By Emmanuel Ibarra, Impact Coordinator
The present is a product of the past. Present-day America is confused, angry, anxious, and exhausted. Many are confused about how to handle a conversation around race and systemic racism. Many are angry that in America entire communities face economic oppression generation after generation. Many are anxious for the future as we continue to navigate 2020, which includes an election, the Covid-19 pandemic, the potential collapse of the global economy, and of course climate change. And now, many of us are exhausted from pursuing a seemingly unachievable American dream that was supposed to include the rights to life, liberty, and the pursuit of happiness.
But there is hope for a better tomorrow.
All these issues are the consequences of a status-quo that has guided our nation for hundreds of years. The established social norms and the current economic system has traditionally rejected anything that threatens its control and profitability while ignoring calls for justice, harmony, and hindering our progress towards a better future for all. Yes, we’ve seen some progress for oppressed groups (women, people of color, and the LGBTQ+ community), but we have struggled to truly capture the attention of the masses to have a real hard look at our society and implement real solutions to make the American dream possible for all Americans. That is until now.
The Covid-19 pandemic paired with a reignited nationwide Black Lives Matter movement lays the perfect setting for Americans to finally confront its many faults both at a systemic and individual level. During the month of June, we want to celebrate the progress made by the LGBTQ+ community, but also acknowledge that (like the Black Lives Matter movement) there is still much work to be done to include these oppressed communities in economic opportunities and a chance to live safe and well in America.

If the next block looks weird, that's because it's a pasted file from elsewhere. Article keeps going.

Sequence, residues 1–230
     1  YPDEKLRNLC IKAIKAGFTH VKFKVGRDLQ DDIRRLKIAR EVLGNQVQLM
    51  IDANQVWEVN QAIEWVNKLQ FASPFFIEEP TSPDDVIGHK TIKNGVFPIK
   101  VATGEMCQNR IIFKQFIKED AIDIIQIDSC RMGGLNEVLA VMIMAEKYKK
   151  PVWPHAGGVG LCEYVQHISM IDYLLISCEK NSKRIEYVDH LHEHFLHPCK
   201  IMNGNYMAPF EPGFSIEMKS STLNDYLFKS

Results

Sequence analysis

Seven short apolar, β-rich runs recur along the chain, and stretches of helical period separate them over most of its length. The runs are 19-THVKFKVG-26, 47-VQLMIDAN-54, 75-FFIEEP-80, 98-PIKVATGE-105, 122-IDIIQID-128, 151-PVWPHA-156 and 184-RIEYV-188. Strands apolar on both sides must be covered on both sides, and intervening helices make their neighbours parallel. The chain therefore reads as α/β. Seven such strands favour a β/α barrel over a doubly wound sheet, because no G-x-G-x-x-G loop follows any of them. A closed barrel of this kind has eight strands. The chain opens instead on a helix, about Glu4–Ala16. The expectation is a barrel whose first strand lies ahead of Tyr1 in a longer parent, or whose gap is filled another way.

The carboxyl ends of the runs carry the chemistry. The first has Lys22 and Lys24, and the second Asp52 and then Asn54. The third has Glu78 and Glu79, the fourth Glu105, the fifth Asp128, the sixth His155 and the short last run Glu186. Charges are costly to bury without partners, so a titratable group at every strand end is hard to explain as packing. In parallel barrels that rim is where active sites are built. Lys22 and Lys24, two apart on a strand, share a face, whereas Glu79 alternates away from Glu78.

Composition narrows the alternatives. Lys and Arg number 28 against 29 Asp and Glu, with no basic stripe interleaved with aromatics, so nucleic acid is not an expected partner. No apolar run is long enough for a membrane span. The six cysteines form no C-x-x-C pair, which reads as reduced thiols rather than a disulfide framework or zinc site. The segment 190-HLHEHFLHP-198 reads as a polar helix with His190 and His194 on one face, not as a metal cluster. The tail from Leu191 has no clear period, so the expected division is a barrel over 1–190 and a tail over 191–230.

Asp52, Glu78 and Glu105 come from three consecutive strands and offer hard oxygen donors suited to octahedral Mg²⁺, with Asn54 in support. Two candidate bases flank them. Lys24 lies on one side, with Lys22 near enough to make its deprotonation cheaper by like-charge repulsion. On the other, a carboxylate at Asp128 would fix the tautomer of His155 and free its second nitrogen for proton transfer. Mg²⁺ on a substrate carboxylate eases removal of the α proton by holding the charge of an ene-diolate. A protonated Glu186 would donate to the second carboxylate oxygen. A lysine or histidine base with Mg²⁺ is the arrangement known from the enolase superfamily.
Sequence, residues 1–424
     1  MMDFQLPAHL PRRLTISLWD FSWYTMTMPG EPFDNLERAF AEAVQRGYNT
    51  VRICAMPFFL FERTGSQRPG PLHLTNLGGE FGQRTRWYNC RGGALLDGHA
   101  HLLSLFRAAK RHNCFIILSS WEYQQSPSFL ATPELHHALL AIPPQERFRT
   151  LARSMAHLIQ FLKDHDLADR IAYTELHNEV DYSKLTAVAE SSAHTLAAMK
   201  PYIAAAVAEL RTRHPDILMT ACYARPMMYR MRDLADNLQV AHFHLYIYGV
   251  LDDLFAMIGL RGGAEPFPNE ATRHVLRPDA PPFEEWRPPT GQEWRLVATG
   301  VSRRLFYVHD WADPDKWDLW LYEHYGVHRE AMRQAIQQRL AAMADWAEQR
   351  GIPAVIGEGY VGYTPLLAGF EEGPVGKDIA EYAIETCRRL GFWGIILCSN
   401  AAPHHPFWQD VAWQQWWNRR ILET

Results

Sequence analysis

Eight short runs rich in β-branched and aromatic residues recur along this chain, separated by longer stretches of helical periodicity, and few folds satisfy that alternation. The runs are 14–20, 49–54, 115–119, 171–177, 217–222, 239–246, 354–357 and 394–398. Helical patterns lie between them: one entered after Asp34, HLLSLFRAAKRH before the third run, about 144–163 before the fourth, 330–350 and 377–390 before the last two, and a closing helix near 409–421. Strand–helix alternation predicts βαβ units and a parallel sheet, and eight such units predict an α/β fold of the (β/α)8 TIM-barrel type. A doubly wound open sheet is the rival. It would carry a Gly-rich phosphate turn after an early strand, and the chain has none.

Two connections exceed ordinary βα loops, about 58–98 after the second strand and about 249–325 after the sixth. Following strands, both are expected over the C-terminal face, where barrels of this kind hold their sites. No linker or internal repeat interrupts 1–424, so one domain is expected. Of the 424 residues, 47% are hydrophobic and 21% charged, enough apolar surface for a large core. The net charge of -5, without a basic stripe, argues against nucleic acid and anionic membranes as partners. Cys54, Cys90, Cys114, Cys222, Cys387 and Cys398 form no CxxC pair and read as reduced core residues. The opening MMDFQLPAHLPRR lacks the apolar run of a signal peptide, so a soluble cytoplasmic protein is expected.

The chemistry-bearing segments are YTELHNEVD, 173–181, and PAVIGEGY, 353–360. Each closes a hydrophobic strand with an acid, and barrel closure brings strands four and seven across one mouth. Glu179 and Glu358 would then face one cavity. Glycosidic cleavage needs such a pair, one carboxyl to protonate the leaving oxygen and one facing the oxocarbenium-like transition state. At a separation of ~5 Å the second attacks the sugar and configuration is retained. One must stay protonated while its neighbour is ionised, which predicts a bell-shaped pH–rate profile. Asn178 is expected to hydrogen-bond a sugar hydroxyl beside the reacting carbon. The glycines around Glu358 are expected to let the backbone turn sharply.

Yes, in order to build a better world and help address these issues, we need to change policy. But even more so, we need an economy with proactive businesses who can use their resources and platforms to help find solutions to these issues and in doing so creating a regenerative and more equitable economy. We need engaged individuals who are conscious of the impact of their spending. What we need is a People First Economy.
By a People First Economy, I mean an economy that values its people as well as its profits. An economy that cares for and maintains the health and well-being of all its members. In this type of economy, people from all walks of life have economic opportunities that allow them to pursue happiness rather than just mere survival. Businesses would not be profit-generating machines for the few, but a wealth creator for the many. This economy would create opportunities that contribute to the well-being of natural ecosystems rather than the traditional destructive and extractive activities that exist today.
In a People First Economy, no one is left behind.
Good For Michigan was founded to create a better community by prioritizing people and creating local wealth through sustainable economic development. We believe that business can be used to solve the issues it helped create, which is why we will continue to advocate for a People First Economy.